"I'm going to give you one more chance to do the homework from last week, so anyone who's already done it can enjoy their free time"
"If you feel like you need more practice, you can do practice at home by..."
"I think we all need some more practice of that, so for homework..."
"This is your homework for tonight."
"Prepare the next chapter for Monday."
"Don't forget your homework."
"Take a worksheet as you leave."
"And the homework is... nothing!"
"Do exercise 10 on page 23 for homework/ Your homework is exercise 10 on page 23/ The homework for tonight is exercise 10 on page 23"
"If anyone needs any extra practice, I suggest doing exercise 11 and 12 as well"
"There is no homework tonight."
"I forgot the check the homework/ We didn't have time to check the homework, so we'll have to do that next time"
"As you have a long holiday/ a big test coming up, I'm going to give you a bit more homework than usual"
"So, the homework is exercise A. And B. And C, D, E, F, G, H, I, J... Okay, I'm joking. Just exercises A and B"
"The people who missed the beginning of the lesson/ the last lesson might also want to do..."
"I told you about your homework earlier, and it is...?"
"Tonight/ before the next lesson/ before next week/ at the weekend, I'd like you to..."
"Remember the last piece of homework/ writing/ the last project? Well, I want you to do something like that/ something similar, but..."
"Please revise that for homework and we'll use that language in the next lesson/ next week/ in the test"
"This homework is a bit long/ difficult, so I'll give you till this time next week to finish it"
Final chit chat
"What are your plans for the weekend?"
"The weekend starts here!"
"You'll all be wanting to get home to watch the big match"
"Does anyone know the weather forecast for tomorrow?"
"So, apart from your homework what are your plans?"
End of the first lesson
"Well, it was a pleasure meeting you (all)/ it was nice to meet you (all)"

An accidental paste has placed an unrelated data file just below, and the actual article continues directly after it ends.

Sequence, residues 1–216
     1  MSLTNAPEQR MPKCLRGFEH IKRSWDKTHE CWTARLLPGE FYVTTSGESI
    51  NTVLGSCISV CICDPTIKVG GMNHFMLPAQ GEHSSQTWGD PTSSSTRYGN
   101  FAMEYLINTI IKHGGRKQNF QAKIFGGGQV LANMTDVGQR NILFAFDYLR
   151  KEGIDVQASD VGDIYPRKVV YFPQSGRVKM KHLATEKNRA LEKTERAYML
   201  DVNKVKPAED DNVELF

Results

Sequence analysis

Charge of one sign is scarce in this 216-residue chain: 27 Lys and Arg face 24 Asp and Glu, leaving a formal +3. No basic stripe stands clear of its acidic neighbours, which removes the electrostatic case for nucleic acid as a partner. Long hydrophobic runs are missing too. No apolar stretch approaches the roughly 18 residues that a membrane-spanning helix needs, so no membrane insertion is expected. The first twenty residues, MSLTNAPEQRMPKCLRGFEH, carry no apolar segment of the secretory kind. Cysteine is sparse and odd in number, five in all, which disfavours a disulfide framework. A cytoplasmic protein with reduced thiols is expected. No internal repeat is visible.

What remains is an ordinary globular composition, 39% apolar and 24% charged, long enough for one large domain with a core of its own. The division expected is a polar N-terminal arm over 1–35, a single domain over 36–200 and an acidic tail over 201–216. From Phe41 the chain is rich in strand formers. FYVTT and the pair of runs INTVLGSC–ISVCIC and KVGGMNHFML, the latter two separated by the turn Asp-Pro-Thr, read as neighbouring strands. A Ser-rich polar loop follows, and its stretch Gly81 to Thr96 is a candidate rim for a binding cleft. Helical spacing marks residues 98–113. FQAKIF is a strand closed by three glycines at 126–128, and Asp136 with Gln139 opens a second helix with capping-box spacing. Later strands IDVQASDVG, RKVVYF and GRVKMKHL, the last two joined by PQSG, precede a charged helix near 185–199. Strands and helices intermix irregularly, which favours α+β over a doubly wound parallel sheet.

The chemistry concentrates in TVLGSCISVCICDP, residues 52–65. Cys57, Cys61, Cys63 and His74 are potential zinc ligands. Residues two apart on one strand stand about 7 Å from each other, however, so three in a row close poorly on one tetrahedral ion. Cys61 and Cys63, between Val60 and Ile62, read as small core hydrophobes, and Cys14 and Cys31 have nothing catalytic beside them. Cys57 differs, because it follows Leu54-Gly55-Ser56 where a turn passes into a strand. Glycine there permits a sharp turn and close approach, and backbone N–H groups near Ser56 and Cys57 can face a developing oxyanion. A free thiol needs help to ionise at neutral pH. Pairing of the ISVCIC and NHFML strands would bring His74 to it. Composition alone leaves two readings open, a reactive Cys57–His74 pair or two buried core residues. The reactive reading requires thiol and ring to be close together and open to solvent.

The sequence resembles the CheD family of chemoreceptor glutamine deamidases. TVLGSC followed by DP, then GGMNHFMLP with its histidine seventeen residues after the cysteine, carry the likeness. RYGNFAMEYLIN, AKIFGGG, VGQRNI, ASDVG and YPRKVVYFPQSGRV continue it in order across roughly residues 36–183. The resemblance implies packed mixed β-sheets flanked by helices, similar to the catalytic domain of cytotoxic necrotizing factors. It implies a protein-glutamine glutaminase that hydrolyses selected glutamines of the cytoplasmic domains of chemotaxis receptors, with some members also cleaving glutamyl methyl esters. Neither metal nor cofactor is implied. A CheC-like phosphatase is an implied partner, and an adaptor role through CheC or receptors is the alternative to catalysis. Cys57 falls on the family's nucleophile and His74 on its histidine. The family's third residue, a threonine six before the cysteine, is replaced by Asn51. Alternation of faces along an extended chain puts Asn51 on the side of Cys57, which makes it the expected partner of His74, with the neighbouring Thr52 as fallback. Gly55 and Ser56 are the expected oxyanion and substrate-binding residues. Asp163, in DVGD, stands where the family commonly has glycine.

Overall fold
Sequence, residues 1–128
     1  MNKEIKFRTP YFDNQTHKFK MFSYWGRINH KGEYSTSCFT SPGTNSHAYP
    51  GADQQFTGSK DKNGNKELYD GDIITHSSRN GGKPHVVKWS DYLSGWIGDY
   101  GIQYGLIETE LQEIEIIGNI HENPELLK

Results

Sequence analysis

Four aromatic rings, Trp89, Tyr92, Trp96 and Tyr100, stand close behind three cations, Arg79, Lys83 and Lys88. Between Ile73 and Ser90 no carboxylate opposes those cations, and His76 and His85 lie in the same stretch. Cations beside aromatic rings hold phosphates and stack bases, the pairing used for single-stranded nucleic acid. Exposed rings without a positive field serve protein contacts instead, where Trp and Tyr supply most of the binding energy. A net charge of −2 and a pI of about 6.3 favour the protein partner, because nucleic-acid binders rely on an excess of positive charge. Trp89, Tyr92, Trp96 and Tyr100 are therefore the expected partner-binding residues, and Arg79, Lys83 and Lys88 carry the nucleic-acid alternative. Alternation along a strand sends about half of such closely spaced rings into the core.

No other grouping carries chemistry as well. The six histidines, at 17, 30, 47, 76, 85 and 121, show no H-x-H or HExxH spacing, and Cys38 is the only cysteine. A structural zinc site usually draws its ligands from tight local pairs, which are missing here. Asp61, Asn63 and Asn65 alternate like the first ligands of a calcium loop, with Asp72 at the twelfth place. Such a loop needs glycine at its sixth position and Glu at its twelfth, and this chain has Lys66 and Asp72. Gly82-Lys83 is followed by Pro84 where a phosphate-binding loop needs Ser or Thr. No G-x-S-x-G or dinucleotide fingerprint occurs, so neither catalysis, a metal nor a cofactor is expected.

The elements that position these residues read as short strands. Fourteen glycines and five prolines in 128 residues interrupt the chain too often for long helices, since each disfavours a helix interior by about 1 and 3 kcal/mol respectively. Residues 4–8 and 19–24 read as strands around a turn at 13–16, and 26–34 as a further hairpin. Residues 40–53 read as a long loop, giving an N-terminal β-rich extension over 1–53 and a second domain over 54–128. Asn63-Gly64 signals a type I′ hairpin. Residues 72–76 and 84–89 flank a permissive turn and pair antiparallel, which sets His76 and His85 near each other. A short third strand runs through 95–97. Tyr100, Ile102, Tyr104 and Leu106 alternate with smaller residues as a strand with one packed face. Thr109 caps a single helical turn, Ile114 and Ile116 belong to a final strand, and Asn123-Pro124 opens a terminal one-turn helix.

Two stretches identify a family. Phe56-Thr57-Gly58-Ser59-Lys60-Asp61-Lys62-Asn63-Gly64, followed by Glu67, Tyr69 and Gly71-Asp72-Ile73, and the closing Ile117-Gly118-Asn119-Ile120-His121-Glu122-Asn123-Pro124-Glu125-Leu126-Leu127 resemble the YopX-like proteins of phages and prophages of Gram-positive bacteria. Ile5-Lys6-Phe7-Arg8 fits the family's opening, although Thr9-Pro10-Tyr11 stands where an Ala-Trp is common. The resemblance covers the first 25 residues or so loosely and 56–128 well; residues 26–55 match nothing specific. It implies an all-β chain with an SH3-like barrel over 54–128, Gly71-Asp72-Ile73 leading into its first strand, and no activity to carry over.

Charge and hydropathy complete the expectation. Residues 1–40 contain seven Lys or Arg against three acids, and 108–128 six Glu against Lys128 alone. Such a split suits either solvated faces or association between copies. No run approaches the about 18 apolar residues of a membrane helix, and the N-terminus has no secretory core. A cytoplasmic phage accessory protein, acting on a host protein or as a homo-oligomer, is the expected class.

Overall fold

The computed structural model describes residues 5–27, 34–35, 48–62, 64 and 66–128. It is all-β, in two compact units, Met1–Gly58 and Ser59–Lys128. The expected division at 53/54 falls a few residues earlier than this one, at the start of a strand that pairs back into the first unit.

"That lesson was mainly just to get to know each other, so next week we'll start using the book/ start talking about TOEIC"
"I want to finish each lesson by standing up and saying goodbye to the class and the teacher, so..."
End of the last lesson
"Your English has really improved this week/ term/ year, so make sure you don't forget it!"
"It was a pleasure teaching you"
"I hope that you've learnt a lot, and I hope to see you again some day"
"Good luck in your future studies/ work/ lives"
"So, it's the end of term/ the week/ the year/ this level"
"Goodbye"/ "Bye"/ "Bye bye"/ "See you"/ "See you, then"/ "See you then"
"See you later"
"See you tomorrow"
"See you next weekend"
"See you next Wednesday."
"See you tomorrow afternoon."
"See you in room 7 after the break."
"Stand up so we can all say goodbye"
"When I say 'Goodbye everyone', you have to say 'Goodbye teacher, goodbye everyone'. I will then say 'You can now go' and you have to say 'Thank you, teacher'. You can then leave, but quietly of course. Okay. Right, let's practice a couple of times. 'Goodbye everyone'..."
Instructions for leaving
"Please don't make any noise in the corridor (as the other classes have tests)
"Don't forget your bags/ coats/ projects/ posters"
"Pick up a worksheet/ questionnaire/ note for your parents/ timetable for next term on the way out"
"Try not to make any noise as you leave/ No shouting/ No speaking in the corridor"
"Line up for the leaving drill. Today's question is 'Can you guess how many fingers?'"